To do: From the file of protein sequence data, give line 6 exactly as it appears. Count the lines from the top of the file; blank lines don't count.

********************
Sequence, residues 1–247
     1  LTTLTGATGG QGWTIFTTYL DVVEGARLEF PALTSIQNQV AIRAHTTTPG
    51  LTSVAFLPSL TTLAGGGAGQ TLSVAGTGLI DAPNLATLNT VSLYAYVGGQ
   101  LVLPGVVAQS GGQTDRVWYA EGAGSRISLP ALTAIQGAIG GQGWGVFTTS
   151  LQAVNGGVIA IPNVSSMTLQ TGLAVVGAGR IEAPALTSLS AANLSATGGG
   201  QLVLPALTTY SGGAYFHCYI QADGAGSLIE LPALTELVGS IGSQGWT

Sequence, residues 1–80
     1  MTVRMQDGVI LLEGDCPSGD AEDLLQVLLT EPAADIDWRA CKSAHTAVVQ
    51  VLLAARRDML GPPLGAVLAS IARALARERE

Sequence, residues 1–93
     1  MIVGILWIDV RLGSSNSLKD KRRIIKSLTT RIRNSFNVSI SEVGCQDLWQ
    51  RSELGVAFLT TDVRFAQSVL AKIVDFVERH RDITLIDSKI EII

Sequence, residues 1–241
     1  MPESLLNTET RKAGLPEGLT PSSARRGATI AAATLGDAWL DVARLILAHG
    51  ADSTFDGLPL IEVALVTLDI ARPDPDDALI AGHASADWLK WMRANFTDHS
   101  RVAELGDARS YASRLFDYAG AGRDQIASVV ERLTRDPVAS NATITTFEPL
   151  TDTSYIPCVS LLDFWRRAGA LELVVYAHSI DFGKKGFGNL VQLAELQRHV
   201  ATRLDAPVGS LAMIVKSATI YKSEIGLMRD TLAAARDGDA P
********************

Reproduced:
   201  QLVLPALTTY SGGAYFHCYI QADGAGSLIE LPALTELVGS IGSQGWT